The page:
Yes, there are costs and benefits to everything. The objective is to improve things for us. There's no need to be afraid of change, there's every benefit to understanding it.
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LesPalenik

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Re: Bear Pit: now the sole domicile of politics at LuLa
« Reply #13618 on: January 15, 2022, 05:20:10 pm »

Oh, yes, you are polluting!

Yes, we all know that intestinal gas pollutes air. The methane is not good for the earth, it traps much more heat than carbon dioxide.
That's why Tesla developed digital flatulence engine. Now the driver can make the farting sounds on command or they can choose the randomized patterns.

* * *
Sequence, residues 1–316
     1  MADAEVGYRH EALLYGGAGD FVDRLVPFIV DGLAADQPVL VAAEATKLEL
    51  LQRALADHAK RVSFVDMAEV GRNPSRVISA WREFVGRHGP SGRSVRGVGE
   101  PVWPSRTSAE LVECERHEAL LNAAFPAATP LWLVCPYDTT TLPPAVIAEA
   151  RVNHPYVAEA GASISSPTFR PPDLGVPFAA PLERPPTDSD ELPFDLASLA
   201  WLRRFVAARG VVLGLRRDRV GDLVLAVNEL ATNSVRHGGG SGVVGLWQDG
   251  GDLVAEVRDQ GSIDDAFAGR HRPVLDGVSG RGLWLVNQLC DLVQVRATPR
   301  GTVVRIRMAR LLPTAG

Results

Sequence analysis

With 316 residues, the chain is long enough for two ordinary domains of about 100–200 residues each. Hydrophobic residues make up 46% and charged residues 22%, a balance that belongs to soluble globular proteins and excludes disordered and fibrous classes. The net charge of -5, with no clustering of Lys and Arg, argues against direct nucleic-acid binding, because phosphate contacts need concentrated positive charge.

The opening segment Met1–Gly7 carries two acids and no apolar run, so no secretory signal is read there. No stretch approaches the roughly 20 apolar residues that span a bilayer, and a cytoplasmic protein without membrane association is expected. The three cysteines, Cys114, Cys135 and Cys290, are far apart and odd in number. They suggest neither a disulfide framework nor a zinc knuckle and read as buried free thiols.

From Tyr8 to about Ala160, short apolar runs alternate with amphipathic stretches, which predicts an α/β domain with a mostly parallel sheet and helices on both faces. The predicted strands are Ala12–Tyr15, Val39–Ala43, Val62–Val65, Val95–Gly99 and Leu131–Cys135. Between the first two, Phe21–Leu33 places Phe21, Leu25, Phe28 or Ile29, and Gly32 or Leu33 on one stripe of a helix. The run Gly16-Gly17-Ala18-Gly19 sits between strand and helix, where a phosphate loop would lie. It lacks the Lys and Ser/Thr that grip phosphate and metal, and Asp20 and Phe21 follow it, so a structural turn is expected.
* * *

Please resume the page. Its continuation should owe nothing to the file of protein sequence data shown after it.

You can control several locations inside the car where the sound comes from. Or direct it to the horn or boom speaker to warn the pedestrians or bad drivers on outside.
All without the methane or other noxious gases.
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Jonathan Cross

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Re: Bear Pit: now the sole domicile of politics at LuLa
« Reply #13619 on: January 15, 2022, 05:27:40 pm »

My electricity supplier generates more power from renewables than is needed for EVs and will continue to do so. Of course there is pollution somewhere in the chain but I am not contributing to street pollution which is serious. That is a step in cutting atmospheric pollution where people live and work.
Jonathan